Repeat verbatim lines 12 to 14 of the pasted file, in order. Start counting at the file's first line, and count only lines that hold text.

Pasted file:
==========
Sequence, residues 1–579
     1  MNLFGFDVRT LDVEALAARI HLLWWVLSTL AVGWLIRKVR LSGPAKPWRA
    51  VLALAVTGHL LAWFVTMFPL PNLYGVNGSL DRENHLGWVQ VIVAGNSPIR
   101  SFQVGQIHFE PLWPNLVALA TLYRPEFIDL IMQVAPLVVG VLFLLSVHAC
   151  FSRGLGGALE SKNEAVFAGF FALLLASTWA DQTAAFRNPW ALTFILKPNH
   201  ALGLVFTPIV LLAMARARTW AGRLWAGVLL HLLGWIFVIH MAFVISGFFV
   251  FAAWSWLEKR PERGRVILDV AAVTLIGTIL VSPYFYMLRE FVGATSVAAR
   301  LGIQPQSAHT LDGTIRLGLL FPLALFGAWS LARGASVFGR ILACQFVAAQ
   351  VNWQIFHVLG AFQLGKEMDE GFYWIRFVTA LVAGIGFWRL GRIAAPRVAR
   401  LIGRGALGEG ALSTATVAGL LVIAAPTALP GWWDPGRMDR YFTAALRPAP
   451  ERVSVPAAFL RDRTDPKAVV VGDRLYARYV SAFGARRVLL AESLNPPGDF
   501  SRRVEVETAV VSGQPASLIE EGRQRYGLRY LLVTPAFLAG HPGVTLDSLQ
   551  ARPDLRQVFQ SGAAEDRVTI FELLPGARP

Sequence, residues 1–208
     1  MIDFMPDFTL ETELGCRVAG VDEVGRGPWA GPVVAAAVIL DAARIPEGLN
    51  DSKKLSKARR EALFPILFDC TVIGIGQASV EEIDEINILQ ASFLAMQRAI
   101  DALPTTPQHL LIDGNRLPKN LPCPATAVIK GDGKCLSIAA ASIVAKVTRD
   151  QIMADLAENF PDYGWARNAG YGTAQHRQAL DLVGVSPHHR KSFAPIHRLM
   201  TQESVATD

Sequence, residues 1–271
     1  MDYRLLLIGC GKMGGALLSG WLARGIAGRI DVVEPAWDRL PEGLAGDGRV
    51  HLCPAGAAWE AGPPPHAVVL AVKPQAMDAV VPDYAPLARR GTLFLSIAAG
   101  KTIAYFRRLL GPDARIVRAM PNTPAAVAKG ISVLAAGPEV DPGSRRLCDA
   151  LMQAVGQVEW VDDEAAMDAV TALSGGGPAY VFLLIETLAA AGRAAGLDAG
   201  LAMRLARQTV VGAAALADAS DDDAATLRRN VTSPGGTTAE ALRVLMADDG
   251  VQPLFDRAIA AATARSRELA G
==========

   501  SRRVEVETAV VSGQPASLIE EGRQRYGLRY LLVTPAFLAG HPGVTLDSLQ
   551  ARPDLRQVFQ SGAAEDRVTI FELLPGARP

Sequence, residues 1–208